Martha Stewart Settles Insider-Trading Case

Lifestyle queen Martha Stewart has settled her 2001 insider-trading civil case after agreeing to pay $195,000 and promising to withhold from acting as a director for a public company.

The domestic guru fell from grace in 2004 when she was found guilty of conspiracy, obstruction of justice, making false statements, and perjury following the suspicious sale of her ImClone Systems shares.

After serving five months in a Alderson, West Virginia, prison camp, the 65-year-old went on to spend six months under house arrest in her Katonah, New York, home last year.

In May, the Securities Exchange Commission filed a civil suit against Stewart, which she claimed she would fight.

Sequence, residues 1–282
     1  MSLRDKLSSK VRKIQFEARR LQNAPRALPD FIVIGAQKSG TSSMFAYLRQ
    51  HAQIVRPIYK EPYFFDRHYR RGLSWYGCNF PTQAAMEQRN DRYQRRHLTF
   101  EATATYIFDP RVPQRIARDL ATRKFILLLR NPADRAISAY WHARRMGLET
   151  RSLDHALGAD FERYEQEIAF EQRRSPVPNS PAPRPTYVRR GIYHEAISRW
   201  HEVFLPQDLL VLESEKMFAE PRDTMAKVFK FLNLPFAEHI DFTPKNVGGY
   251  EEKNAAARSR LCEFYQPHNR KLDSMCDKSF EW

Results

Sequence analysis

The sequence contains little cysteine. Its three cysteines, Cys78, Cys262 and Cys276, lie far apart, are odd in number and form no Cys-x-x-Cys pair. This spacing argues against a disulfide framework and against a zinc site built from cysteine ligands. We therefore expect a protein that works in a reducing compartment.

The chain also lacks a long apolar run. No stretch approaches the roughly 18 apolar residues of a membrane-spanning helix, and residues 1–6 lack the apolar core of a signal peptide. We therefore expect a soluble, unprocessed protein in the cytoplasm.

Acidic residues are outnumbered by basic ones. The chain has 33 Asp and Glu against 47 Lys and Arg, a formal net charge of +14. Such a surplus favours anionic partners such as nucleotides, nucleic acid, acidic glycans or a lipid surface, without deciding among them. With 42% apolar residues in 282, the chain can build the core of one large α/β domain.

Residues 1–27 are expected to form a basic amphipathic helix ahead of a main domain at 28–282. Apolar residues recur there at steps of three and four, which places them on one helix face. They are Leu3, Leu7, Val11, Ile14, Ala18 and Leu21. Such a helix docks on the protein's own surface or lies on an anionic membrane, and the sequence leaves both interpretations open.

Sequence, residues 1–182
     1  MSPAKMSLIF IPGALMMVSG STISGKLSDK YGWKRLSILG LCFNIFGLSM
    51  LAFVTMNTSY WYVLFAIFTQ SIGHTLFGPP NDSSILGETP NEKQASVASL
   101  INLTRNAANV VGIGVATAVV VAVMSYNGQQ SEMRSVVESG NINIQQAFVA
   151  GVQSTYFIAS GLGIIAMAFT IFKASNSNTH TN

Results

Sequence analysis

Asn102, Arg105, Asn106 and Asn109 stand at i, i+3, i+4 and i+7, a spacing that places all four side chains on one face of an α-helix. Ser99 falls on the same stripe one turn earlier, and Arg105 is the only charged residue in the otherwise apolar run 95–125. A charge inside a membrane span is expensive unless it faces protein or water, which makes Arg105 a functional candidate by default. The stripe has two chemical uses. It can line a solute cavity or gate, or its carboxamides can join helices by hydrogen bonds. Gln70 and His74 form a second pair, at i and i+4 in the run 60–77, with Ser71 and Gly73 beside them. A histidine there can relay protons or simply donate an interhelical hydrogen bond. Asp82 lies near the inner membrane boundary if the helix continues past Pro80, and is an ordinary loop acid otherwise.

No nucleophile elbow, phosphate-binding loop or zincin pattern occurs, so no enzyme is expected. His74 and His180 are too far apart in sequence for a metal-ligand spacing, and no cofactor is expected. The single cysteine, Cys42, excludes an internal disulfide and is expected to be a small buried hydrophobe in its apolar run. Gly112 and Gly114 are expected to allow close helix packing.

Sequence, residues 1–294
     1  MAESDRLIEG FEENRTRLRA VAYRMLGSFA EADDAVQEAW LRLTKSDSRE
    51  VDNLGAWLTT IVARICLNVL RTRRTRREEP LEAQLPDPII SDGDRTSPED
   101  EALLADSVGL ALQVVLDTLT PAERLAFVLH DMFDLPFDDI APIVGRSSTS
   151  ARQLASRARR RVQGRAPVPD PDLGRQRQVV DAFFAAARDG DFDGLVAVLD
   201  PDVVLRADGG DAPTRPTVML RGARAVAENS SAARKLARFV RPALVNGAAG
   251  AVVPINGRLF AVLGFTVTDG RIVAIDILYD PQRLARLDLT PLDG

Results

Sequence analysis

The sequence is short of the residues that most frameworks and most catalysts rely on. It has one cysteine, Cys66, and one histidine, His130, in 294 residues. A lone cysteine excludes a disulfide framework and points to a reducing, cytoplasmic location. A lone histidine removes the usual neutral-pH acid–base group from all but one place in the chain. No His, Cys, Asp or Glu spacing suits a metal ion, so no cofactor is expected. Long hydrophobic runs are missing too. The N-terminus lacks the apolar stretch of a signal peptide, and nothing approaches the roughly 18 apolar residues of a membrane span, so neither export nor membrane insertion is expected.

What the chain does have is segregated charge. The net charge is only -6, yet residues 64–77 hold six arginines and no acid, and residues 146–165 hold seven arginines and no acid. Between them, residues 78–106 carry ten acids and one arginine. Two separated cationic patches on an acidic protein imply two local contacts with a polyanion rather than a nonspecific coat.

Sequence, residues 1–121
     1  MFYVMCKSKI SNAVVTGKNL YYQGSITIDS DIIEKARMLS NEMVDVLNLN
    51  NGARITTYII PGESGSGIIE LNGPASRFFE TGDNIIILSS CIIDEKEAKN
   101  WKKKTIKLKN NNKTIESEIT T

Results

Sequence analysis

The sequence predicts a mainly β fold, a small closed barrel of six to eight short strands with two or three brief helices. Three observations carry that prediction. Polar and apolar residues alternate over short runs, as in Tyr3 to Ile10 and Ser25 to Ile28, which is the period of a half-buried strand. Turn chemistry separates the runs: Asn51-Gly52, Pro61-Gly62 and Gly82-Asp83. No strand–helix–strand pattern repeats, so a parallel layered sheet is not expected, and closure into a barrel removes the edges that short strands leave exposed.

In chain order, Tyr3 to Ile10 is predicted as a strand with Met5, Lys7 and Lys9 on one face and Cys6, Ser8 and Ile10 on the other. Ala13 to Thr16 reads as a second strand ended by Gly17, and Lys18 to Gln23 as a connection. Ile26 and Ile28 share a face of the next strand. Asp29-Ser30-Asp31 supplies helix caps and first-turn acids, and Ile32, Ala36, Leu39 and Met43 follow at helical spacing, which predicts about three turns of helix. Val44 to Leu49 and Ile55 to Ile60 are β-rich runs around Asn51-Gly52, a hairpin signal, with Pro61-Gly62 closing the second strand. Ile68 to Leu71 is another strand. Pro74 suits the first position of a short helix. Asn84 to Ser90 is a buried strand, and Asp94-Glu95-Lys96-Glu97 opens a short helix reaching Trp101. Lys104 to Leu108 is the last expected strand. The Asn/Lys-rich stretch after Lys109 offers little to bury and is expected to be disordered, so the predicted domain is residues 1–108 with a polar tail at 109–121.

However, the Wall Street Journal reports Stewart has paid $195,000 to the SEC and her former stockbroker, Peter Bacanovic, has also been fined $75,000.

Under the agreement, Stewart cannot act as director for a public company for five years–meaning her role at her company Martha Stewart Living Omnimedia is limited.

Mark K. Schonfeld, director of the SEC’s northeast regional office, says, “This settlement achieves everything we sought to accomplish in pursuing this case.

“The combination of monetary relief and future professional restrictions serve both to sanction the defendants’ insider trading and to restrict them from future positions of investor trust.”

Stewart says, “This brings closure to a personal matter and my personal nightmare has come to an end.”

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